Converting modals from legacy controllers to new DModal component API

:information_source: If you’re implementing a new Modal, check out the main docs here. This topic describes how to migrate an existing controller-based Modal to the new Component-based API.

In the past, Discourse used an Ember-Controller-based API for rendering modals. To invoke the modal, you would pass a string with the name of the controller to showModal(). Under the covers, this made use of Ember’s Route#renderTemplate API, which is deprecated in Ember 3.x and will be removed in Ember 4.x.

To allow Discourse to upgrade to Ember 4.x and beyond, we’ve introduced a new component-based API for modals. This new API embraces Ember’s ‘declarative’ design patterns, and aims to provide clean DDAU (data down actions up) semantics.

Step 1: Move Files

Move the controller JS file and the template file to the /components/modal directory. This makes them a ‘colocated component’ which can be imported just like any other JS module.

Step 2: Update the JS file

Then, update the component JS definition to extend from @ember/component instead of @ember/controller [1]. Remove the ModalFunctionality mixin and update any uses of its functions according to the table below:

Before After
flash() and clearFlash() Create a flash property in your component and pass it to the @flash argument of <DModal>. By default the alert will be styled with the alert class which is a copy of the ‘error’ class, but it can be overridden using the @flashType argument.
showModal() Import the showModal function from discourse/lib/show-modal
closeModal action Invoke the closeModal argument which is automatically passed into your component

Old-style Modal Controllers would live ‘forever’, which meant we had to manually cleanup state. With the new Component-based API, the component will be created and destroyed when the modal is shown/hidden. In many cases that means your old lifecycle hooks are no longer required.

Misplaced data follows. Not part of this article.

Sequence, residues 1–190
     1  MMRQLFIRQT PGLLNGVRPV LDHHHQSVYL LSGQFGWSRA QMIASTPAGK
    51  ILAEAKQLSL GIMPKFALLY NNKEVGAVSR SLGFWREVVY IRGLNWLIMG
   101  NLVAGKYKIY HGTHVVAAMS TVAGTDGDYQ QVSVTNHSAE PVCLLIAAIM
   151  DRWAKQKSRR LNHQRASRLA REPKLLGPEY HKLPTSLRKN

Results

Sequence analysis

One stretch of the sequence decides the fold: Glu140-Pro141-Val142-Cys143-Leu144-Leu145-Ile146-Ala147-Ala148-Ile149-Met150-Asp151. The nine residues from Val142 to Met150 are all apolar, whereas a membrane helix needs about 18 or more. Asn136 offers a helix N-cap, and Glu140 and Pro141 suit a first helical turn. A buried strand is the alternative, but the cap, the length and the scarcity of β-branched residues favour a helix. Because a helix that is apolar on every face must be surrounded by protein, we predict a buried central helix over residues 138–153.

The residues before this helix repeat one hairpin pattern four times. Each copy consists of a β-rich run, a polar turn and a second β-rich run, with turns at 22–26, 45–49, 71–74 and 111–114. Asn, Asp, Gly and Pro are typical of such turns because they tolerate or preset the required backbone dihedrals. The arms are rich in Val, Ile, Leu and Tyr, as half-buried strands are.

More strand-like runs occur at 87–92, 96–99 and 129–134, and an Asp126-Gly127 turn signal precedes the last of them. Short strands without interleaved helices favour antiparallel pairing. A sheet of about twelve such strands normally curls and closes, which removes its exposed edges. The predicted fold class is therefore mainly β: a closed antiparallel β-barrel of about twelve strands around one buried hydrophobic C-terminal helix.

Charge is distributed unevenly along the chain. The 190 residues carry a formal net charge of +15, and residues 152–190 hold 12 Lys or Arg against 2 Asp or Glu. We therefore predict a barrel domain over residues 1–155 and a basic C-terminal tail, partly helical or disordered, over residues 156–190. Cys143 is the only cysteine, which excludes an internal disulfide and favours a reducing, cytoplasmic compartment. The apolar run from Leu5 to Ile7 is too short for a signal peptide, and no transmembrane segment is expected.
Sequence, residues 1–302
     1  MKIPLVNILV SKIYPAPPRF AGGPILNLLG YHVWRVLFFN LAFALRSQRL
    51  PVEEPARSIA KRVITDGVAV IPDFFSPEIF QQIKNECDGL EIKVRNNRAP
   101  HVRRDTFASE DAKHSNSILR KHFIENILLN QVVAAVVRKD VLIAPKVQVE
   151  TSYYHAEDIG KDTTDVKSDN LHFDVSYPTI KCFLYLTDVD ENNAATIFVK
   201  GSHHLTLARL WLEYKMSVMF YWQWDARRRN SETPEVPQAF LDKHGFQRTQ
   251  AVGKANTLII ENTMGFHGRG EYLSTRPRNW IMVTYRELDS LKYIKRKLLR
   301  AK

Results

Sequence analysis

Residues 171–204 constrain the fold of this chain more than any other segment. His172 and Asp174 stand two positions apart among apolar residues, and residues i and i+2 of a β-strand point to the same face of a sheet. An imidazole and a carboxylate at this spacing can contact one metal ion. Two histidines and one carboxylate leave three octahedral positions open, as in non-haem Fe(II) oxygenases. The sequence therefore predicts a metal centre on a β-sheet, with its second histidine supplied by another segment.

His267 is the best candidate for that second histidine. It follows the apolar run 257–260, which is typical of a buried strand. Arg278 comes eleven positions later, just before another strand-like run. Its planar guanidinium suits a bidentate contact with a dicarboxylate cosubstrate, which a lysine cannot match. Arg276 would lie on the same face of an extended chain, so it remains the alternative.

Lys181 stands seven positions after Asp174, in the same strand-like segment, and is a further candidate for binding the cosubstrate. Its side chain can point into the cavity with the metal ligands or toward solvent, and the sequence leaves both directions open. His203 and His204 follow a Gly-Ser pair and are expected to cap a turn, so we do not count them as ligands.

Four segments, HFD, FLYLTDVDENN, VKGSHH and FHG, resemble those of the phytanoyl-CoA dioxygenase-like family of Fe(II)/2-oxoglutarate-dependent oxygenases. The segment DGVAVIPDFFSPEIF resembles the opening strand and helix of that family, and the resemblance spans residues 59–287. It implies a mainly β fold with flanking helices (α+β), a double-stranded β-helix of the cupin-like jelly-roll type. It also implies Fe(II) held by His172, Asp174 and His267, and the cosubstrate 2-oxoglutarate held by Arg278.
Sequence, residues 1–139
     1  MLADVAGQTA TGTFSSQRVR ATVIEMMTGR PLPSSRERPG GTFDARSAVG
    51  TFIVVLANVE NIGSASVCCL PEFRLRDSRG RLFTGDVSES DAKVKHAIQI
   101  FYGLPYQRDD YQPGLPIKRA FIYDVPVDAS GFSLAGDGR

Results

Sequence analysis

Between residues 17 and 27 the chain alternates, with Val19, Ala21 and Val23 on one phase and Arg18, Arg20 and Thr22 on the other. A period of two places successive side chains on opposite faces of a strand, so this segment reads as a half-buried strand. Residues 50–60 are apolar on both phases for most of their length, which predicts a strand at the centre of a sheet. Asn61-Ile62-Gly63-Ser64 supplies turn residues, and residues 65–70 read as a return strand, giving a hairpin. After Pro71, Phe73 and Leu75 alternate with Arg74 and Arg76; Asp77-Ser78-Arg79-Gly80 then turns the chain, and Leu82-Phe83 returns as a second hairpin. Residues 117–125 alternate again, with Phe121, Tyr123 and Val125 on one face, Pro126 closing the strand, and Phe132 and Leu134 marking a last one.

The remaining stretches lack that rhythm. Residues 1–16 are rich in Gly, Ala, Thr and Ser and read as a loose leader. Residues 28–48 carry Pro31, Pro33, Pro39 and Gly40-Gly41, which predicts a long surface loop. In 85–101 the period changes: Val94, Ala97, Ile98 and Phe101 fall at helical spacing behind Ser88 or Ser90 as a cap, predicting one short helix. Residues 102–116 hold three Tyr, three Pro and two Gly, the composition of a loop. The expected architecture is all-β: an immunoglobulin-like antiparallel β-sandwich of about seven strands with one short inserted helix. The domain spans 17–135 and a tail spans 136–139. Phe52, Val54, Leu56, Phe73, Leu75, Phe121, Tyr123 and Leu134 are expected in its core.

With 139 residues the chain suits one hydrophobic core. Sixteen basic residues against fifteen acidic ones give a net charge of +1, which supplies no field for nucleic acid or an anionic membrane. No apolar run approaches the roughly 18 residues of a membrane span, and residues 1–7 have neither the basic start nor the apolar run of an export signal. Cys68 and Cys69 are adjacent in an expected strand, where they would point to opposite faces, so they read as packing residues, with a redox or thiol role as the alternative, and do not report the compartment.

If you still need some lifecycle-based logic, use this table:

Before After
onShow() Use standard Ember component lifecycle (init() or Ember modifier)
afterRender Use standard Ember component lifecycle (init() or Ember modifier)
beforeClose() create a wrapper around the @closeModal argument which is passed into your component. Pass a reference to your close wrapper into DModal like <DModal @closeModal={{this.myCloseModalWrapper}}>
onClose() Use standard Ember component lifecycle (willDestroy() or Ember modifier)

Step 3: Update the Template

Replace the <DModalBody> wrapper with <DModal>. Add some new attributes:

  • Pass through the new @closeModal argument
  • Add an explicit class. To match the old behaviour, take your controller filename and add -modal.

For example, if your modal controller was called close-topic.js, the new <DModal> invocation would look something like this:

<DModal @closeModal={{@closeModal}} class="close-topic-modal">

If the DModalBody invocation includes any other arguments, update them based on the table below:

Before After
@title="title_key" @title={{i18n "title_key"}}
@rawTitle="translated title" @title="translated title"
@subtitle="subtitle_key" @subtitle={{i18n "subtitle_key"}}
@rawSubtitle="translated subtitle" @subtitle="translated subtitle"
@class @bodyClass
@modalClass Use angle-bracket syntax with regular html attribute: <DModal class="blah">
@titleAriaElementId Use angle-bracket syntax with regular html attribute: <DModal aria-labelledby="blah">
@dismissable, @submitOnEnter, @headerClass Unchanged

If there was any footer content rendered after the old <DModalBody> component, use the new <:footer> named block to introduce it inside <DModal>. When using any named blocks, the body content should be wrapped in <:body></:body>. For example:

<DModal @closeModal={{@closeModal}}>
    Hello world, this is the content of the modal
    This is the footer content.
    A `.modal-footer` wrapper will be added automatically

Step 4: Update the showModal call sites

Previously, modals would be rendered using the showModal API, which would take a string (the controller name) and a number of opts. It would return an instance of the controller which could be manipulated:

import showModal from "discourse/lib/show-modal";

export default class extends Component {
  showMyModal() {
    const controller = showModal("my-modal", {
      title: "My Modal Title",
      modalClass: "my-modal-class",
      model: { topic: this.topic },
    controller.set("updateTopic", this.updateTopic);

To render new component-based Modals you should inject the ‘modal’ service (or access it using something like getOwner(this).lookup("service:modal")) and call the show() function.

show() takes a reference to the new Component class as the first argument. The only opt still supported is ‘model’, which can be used to pass all data/actions required for your Modal.

No reference to the component instance will be returned. Instead, show() returns a promise which will resolve when the modal is closed. The promise will resolve with any data which was passed to @closeModal.